Higher temperatures, increased humidity, slow-moving thunderstorms, lightning, sudden fierce downpours and flash flood warnings — welcome to a typical summer in Harford County. Dangerous storms with extreme winds — including “microbursts,” or punches of wind up to 120 mph — can occur over large areas. Some of these storms can quickly evolve into tornadoes. Hail, potentially as large as softballs, can be just as damaging.

For added safety during storms, remember: “When the thunder roars, go indoors.” During a lightning storm, avoid corded phones, electrical appliances, plumbing fixtures, and metal doors and windows as they may conduct electricity. The National Weather Service recommends ­following the 30/30 Rule, which states that people should seek shelter if the “Flash-to-Bang” delay — the time in seconds from a lightning flash to the sound of subsequent thunder — is 30 seconds or less and remain under cover for 30 minutes after the final thunder clap. For more information, visit the National Weather Service at www.lightningsafety.noaa.gov.

Tornadoes

Tornadoes can develop quickly, with minimal warning, so it is important to have a plan in place before they occur. If a tornado watch is issued, weather conditions favor the formation of ­tornadoes, such as during a severe thunderstorm. A tornado warning is issued when a tornado funnel is sighted or indicated by weather radar. You should take shelter immediately during a tornado warning.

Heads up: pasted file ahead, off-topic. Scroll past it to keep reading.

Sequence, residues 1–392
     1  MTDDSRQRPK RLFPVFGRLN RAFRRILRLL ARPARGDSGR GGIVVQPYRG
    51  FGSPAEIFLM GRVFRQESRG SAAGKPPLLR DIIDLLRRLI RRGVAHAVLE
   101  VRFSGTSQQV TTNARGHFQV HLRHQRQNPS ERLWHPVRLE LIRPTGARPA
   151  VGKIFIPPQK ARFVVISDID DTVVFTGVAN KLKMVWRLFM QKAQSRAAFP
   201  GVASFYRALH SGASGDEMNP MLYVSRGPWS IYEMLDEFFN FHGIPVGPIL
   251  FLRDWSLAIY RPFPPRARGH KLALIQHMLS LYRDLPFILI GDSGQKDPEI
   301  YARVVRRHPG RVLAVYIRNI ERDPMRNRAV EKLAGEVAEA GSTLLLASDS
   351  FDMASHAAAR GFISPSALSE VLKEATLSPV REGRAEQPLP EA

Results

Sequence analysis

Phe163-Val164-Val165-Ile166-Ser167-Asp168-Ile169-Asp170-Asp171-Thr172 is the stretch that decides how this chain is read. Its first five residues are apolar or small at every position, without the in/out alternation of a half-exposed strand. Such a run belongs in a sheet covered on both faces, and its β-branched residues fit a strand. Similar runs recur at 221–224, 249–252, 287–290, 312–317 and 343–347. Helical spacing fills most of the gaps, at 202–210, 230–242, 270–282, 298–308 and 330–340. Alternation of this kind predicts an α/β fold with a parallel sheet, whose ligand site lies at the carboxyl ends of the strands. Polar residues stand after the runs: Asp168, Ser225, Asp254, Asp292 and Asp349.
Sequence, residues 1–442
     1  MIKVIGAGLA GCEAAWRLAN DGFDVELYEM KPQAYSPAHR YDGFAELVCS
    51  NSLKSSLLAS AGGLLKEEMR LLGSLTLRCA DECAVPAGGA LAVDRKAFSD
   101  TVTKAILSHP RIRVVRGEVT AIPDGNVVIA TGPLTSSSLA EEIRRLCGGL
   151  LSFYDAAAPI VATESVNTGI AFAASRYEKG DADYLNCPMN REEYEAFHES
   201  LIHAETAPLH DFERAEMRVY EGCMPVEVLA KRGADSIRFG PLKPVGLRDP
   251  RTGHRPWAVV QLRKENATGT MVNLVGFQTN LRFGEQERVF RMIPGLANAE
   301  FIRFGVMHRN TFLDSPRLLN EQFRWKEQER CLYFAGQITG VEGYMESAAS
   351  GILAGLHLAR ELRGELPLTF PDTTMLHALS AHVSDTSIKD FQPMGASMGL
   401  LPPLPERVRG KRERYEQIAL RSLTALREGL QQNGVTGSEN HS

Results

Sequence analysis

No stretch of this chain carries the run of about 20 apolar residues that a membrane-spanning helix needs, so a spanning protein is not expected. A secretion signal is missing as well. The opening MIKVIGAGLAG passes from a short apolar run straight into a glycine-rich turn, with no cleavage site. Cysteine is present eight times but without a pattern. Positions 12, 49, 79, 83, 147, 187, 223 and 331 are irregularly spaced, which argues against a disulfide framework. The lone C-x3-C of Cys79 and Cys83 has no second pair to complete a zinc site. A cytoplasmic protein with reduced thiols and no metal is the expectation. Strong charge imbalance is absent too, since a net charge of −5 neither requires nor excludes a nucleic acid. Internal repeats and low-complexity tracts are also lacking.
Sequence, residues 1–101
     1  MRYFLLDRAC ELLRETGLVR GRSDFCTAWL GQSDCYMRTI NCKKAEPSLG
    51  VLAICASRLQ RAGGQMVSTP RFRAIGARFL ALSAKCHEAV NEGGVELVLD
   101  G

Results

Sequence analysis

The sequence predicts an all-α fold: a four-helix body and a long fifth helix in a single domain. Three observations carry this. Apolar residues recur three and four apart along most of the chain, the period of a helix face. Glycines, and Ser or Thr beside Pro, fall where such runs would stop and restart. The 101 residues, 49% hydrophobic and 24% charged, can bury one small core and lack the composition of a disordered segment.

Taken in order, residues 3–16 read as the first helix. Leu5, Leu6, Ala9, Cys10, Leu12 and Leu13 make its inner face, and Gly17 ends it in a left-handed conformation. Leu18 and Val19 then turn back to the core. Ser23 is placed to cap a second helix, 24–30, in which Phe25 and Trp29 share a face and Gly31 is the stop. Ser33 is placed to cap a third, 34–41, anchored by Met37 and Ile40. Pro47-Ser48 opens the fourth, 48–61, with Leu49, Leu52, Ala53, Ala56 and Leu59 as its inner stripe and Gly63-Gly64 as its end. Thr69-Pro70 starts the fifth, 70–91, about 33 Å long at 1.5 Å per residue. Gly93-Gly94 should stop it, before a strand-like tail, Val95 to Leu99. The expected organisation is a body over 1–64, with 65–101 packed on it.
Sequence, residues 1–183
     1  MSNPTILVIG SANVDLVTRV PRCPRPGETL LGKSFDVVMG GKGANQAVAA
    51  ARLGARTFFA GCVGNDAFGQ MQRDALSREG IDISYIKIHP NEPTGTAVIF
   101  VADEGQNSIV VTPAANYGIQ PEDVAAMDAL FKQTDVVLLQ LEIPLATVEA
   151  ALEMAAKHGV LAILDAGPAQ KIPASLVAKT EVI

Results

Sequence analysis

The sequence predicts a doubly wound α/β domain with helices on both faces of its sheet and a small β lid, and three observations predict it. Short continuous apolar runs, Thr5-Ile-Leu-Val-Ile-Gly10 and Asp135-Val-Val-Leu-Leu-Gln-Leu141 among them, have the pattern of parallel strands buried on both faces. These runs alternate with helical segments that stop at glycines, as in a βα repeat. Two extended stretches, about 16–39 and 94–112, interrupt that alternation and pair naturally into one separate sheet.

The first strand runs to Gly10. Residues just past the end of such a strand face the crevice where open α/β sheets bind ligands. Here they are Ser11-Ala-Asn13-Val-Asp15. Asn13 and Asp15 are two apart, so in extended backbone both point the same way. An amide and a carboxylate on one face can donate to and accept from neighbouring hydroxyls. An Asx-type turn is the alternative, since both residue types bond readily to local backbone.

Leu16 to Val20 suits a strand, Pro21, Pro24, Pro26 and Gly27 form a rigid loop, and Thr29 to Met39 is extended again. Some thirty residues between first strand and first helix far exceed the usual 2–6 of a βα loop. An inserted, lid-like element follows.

Know where the safest place of shelter is in your home — a basement, or an inside room on the lowest floor (like a closet or bathroom) if your home does not have a basement. Avoid windows and get under something sturdy, like a heavy table, and cover your body with a blanket or mattress to protect yourself from flying debris.

For more information on tornado preparedness, visit the Centers for Disease Control and Prevention’s website at www.emergency.cdc.gov/disasters/tornadoes.

Winter Storms

Harford County reaches below freezing temperatures in the winter and occasionally experiences severe winter weather. Prepare for
winter storms by assembling a disaster supply
kit for your home and vehicle. Have your car ­winterized before the winter storm season arrives.
Listen to weather forecasts and plan ahead.

A winter storm watch means a winter storm is possible in your area. A winter storm warning means one is headed for your area. A blizzard warning means strong winds, blinding snow and dangerous wind chills are expected. Avoid travel during these watches and warnings.

Winter storms can cause power outages. During
a power outage, gather in a central room with an alternative heat source like a fireplace. Be sure to keep a screen around an open flame and don’t close the damper while the ashes are still hot.

During the day, open drapes and blinds to let the sun warm the space. Close them at night to minimize heat loss. If the indoor temperature drops below 55 degrees, open faucets slightly so they constantly drip to prevent pipes from freezing.

 

For more information on winter preparedness and how to protect your home from freezing weather, visit www.bt.cdc.gov/disasters/winter.